September 10, 2008
I spent the first week of August glued to my computer screen, watching many hours of webcasts and reading blogs from the XVII International AIDS Conference in Mexico City. As a treatment and research advocate, I, like thousands of other interested parties from all over the world, hoped to learn about the new discoveries that science had to offer in the field of medication, and the clinical trials that produce those discoveries. I was also looking out for any ground-breaking announcements that might occur on the vaccine research front.
In addition to the many things I learned on those topics, I discovered this truth: Activism is alive and well across the globe and our work is far from over. This was evidenced through protests, banners, posters, drums, feathers, T-shirts, panel discussions, chants, messages -- some loudly delivered by activists from the back of a session room -- and, on one occasion, an unscripted invitation to activists to deliver their message from the stage.
I found all of this activity to be quite inspiring, as I have listened to the discouraging dialogue of the recent past: dialogue that heralds the death of activism, mainly through complacency; shines the spotlight on the inevitable "burn out" of those aging and heroic veteran activists from the past; and bemoans the lack of such activists who will carry the baton next in this struggle.
Outright calls for the rights of all PLWHAs [people living with HIV/AIDS] to compassionate care, dignity and access to treatment, and for the discontinuance of homophobia, stigma, discrimination and repressive policies toward gender equality were delivered across the board. The call for a "marriage" between prevention and treatment efforts was brilliant, too, as these camps have drifted into the realm of competition that dilutes success in either category. Of particular importance was the broad support for the development and implementation of a national AIDS strategy in the United States.
As each of us absorbs the startling news from the CDC [U.S. Centers for Disease Control and Prevention] report revealing that the number of new infections in the United States amounts to an additional 50,000 to 60,000 cases each year -- a 40-percent increase -- it is obvious to me that every person, whether HIV positive or not, has to make a concerted effort to get educated and to educate others about this preventable disease.
As a relative new comer to the HIV/AIDS advocacy field, I have spent the last four years developing my voice and searching for my "niche" -- that place where I can become most effective in the campaign to end AIDS. Deemed an "HIV controller" by science, I am naturally drawn toward research, and toward advocating for the development of a preventative and/or therapeutic vaccine. This surprising health circumstance also catapults me into other realms of equal importance -- gender equality, empowering HIV-positive women, policy change, funding issues, mentoring youth -- and each topic demands my attention.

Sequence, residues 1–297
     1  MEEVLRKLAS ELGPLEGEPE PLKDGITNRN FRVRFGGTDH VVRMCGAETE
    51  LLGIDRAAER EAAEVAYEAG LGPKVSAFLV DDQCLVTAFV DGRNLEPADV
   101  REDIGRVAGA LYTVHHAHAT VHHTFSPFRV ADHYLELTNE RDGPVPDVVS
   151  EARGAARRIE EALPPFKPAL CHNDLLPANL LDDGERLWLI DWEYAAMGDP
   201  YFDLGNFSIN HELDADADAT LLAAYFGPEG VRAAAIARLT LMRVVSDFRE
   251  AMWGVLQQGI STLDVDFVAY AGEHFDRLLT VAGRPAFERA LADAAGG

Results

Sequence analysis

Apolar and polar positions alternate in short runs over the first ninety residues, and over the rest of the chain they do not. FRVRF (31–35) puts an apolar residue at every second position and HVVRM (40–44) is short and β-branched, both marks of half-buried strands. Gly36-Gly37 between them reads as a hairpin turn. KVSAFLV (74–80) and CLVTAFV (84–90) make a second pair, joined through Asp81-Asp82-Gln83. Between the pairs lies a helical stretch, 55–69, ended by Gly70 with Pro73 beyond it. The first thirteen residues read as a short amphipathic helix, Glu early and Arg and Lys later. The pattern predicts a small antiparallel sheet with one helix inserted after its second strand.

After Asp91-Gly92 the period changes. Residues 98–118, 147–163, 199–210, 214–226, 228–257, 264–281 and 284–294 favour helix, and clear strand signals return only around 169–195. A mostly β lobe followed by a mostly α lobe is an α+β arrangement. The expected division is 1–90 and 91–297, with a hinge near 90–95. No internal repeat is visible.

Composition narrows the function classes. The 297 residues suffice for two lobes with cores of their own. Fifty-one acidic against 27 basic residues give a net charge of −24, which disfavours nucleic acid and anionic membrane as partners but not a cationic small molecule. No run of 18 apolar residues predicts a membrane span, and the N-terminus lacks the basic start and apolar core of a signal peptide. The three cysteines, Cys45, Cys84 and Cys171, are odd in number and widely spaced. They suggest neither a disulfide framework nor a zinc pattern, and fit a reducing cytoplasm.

Three weeks ago, it was my privilege to dine with a well-known advocate from Washington, D.C. Larry Bryant is the national organizer from the Campaign to End AIDS, and he is busy coordinating the action called "Stand Against AIDS" -- a convoy of nine separate caravans throughout the United States that will travel to the site of the first presidential debate on September 26, 2008, in Oxford, Miss., in support of a national AIDS strategy.
Larry and I spoke of many things that evening, including the history of his advocacy "walk" in Texas, volunteering with an AIDS service organization to deliver meals and visit hospices filled with people afflicted with progressive HIV disease. "It was important to me," he said, "to work directly with the HIV-positive community." Eventually, his dedication and hard work attracted the attention of Charles King, founder of Housing Works (a national advocacy agency), and led to an offer for Larry "to do in Washington, D.C., what you do here in Texas."
As our evening drew to a close, Larry grabbed his camera and began taking pictures of the many plants in containers outside on my small patio. I watched as he focused his lens on a light blue ceramic stepping stone and heard him whisper, "Natural habitat."
Those two simple words resonated somewhere deep in my soul, as I realized this field is my "natural habitat." Between living as an HIV-positive woman for 16 years, and watching those amazing efforts by courageous activists here in the U.S. and in Mexico City, I realize that my search is not in vain: I will find my place in this complicated work -- and I am in good company in wanting to make an impact toward stemming the tide of this epidemic.
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